X-rays are generally emitted by very high temperature gas (plasma), and in the astronomical context are in this state due to extreme gravity, magnetic fields, or explosive forces. X-Rays were first discovered by Wilhelm Conrad Röntgen, a German scientist who stumbled upon them while experimenting with vacuum tubes in the mid 1800s. He named them "X"-rays because it was an unknown radiation type at the time and the name has stuck with them, although occasionally they're referred to as Röntgen rays. X-Rays are a form of electromagnetic radiation with very high frequency (~10^17 to ~10^21 Hz) and short wavelength (~10^-8 to ~10^-12 m).
X-ray astronomy is a relatively young branch of astronomy, due to the fact that the Earth's atmosphere is effectively opaque to wavelengths at x-ray frequency. Because of this, it requires high-altitude balloons or orbiting observatories to collect enough x-ray photons to be of any use.
For comparison, trillions of photons in the visible frequency reach a detector of an optical telescope on Earth's surface every second, while it requires hours, or even days for even one x-ray photon to be observed by a detector on the Earth's surface.
Another consequence of the high energy x-ray photons is that the photons cannot be easily reflected and focused. This makes it impossible to resolve x-ray images using conventional telescope designs, however, x-rays can be deflected off a surface if the angle of incidence is very small. This grazing incidence property has lead to designs that involve complex nests of mirrors designed to gently coax the x-ray photons into focus. Previous to this type of design, x-ray observing was limited to detectors that were not much more complex than putting a geiger counter at the end of a tube and forming crude 'images' by counting the number of x-rays detected coming from the part of the sky it was aimed at.
Past X-Ray Observatories:
There has been a steady precession of x-ray observatories being launched since the 1970s by agencies like NASA and the ESA. A list of these, their technical specifications and mission objectives can be found at theHigh Energy Astrophysics Science Archive Research Centre
and European Space Agency Missions (look for X-ray). These past probes have been invaluable in our current understanding of the forementioned cosmic phenomena, but we'll focus on the two important current missions.
Present X-Ray Observatories:
The High-Throughput X-Ray Spectroscopy Mission. This is a large x-ray observatory put together by the European Space Agency launched in 1999. XMM-Newton is the most sensitive x-ray telescope that has ever been in operation, it utilises 15 EPIC CCDs capable of detecting tiny fluctuations of energy in the 0.5 to 10 keV band and resolving an image in between 40 and 80 milliseconds. The angular resolution isn't as fine, but comes in at a respectable 5 arcseconds (5/3600ths of a degree). This observatory also has the ability to monitor the UV spectrum simultaneously with x-ray spectrum and is expected to be operational until 2009.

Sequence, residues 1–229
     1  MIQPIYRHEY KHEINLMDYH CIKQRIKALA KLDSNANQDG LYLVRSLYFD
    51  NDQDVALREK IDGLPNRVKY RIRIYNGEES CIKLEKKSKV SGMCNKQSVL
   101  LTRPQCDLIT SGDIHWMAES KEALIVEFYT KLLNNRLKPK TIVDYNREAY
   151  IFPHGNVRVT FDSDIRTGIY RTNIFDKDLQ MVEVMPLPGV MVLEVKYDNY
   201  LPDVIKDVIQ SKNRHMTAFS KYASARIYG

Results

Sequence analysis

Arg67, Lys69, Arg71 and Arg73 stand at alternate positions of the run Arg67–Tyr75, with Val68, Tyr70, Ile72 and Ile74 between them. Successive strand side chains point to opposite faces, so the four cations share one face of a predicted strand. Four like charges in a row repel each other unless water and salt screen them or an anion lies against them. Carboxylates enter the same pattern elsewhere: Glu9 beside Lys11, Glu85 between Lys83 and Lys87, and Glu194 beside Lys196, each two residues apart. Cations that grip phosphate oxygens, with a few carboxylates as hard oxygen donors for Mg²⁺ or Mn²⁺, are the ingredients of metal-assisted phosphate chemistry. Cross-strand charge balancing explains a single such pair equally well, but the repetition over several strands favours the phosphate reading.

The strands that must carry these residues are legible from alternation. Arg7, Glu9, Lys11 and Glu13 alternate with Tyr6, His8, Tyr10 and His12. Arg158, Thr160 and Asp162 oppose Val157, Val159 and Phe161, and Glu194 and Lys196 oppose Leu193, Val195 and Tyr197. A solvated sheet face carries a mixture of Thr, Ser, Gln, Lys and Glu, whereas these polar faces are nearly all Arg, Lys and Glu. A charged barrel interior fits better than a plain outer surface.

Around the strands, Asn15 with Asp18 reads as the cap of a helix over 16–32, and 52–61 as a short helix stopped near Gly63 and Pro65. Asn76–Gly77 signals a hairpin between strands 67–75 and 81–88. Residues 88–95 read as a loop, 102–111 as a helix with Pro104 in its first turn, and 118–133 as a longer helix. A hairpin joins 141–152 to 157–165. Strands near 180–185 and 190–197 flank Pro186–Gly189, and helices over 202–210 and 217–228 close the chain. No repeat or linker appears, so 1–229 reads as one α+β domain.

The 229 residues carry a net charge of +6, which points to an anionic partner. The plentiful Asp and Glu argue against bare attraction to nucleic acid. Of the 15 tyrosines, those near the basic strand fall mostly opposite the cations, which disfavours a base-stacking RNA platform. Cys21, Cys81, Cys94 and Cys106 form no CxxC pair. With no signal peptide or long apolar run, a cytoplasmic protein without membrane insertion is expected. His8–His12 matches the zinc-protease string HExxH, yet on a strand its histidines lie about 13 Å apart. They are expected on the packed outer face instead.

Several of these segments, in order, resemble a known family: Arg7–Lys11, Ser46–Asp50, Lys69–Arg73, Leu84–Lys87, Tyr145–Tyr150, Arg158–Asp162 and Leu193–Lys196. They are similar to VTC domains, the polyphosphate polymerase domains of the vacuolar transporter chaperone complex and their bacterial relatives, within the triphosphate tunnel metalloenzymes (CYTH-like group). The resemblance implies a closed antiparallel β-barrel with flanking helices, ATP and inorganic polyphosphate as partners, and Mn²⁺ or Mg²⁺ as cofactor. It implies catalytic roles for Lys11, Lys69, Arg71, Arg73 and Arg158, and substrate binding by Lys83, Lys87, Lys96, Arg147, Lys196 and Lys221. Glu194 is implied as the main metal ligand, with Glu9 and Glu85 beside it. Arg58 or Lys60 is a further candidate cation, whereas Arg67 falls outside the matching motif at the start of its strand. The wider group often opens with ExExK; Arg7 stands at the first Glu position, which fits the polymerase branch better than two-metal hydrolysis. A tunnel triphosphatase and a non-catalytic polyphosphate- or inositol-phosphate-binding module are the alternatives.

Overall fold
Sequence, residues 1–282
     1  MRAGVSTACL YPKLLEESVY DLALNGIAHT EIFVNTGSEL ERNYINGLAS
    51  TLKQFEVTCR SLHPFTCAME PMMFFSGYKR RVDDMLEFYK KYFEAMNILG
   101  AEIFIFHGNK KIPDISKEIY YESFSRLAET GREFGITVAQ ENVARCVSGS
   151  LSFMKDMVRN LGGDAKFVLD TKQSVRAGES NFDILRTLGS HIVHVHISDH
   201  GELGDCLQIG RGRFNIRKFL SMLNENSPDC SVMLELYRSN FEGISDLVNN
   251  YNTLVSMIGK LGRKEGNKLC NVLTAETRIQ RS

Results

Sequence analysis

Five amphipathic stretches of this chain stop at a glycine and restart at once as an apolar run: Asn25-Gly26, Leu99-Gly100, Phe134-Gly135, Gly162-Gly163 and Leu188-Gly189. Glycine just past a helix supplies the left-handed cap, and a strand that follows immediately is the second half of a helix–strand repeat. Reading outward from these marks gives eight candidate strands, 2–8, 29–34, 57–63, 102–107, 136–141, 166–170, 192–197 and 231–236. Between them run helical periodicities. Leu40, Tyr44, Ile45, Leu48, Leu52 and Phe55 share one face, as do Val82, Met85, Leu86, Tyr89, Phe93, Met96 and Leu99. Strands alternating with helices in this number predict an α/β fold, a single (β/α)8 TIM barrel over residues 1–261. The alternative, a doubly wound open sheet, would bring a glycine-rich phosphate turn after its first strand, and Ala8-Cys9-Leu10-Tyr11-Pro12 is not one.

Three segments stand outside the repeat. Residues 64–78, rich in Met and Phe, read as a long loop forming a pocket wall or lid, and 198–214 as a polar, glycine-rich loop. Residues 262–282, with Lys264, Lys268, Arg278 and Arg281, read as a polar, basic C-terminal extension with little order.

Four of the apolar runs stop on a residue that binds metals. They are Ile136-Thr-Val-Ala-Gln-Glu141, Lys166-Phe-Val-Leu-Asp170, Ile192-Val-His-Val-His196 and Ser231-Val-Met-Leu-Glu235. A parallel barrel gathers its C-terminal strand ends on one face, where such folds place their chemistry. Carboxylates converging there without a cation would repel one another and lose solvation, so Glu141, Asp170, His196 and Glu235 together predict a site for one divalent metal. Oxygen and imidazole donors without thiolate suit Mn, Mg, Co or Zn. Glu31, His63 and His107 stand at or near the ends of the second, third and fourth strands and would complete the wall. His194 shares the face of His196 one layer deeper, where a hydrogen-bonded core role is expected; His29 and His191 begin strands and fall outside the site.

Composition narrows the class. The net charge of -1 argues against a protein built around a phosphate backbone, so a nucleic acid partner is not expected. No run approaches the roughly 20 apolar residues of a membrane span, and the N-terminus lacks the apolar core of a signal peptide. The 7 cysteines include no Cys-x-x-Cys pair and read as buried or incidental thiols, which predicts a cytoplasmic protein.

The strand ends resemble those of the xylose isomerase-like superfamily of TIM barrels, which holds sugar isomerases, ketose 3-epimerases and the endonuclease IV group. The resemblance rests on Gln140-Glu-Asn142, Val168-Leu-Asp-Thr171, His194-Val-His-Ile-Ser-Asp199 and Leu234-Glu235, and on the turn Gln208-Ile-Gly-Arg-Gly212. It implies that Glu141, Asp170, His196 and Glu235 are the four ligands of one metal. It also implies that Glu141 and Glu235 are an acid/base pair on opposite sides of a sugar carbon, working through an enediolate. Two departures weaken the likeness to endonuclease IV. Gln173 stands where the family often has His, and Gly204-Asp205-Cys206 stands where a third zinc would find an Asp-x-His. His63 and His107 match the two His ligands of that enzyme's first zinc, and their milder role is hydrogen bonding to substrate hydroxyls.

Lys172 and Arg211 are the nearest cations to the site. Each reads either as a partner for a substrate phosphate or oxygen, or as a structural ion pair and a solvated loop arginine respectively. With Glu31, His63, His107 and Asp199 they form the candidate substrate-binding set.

The Advanced X-Ray Astrophysics Facility, renamed Chandra in honour of the Indian astrophysicist Subramanyan Chandrasekhar. This observatory was also launched in 1999 and has the finest angular resolution of any x-ray observatory ever operational at 0.5 arcseconds (10x better than XMM-Newton). Although it has a greater angular resolution than XMM, Chandra is not as sensitive.
Working together, XMM-Newton with its extreme sensitivity, and Chandra with its fine angular resolution are returning data with higher spatial and spectral resolutions, allowing us to produce more precise images (1,
and spectra of range of high-energy cosmic objects than ever before.
There is a myriad of proposed x-ray missions for the future, including Constellation-X, which would involve a network of multiple spacecraft with moderate resolution x-ray optics, the NGST, SWIFT, and XEUS. One of the more fascinating future missions is MAXIM (Micro-Arcsecond X-Ray Imaging Mission) which promises angular resolutions of an astounding 10^-7 arcseconds - 300000 times finer than the Hubble space telescope inferometry, and 20 million times finer than Chandra's resolution. This would potentially allow us to resolve the event horizon of supermassive black holes, the equivalent of resolving an object the size of a dinner plate on the surface of our Sun.
X-Ray astronomy is just starting to enter its prime. Challenging our previous notions of the behavior of accretion discs around black holes and other exotic objects and giving us insights into a multitude of high-energy events, it is a great subject for anyone interested in astrophysics, astronomy, or just big explosions.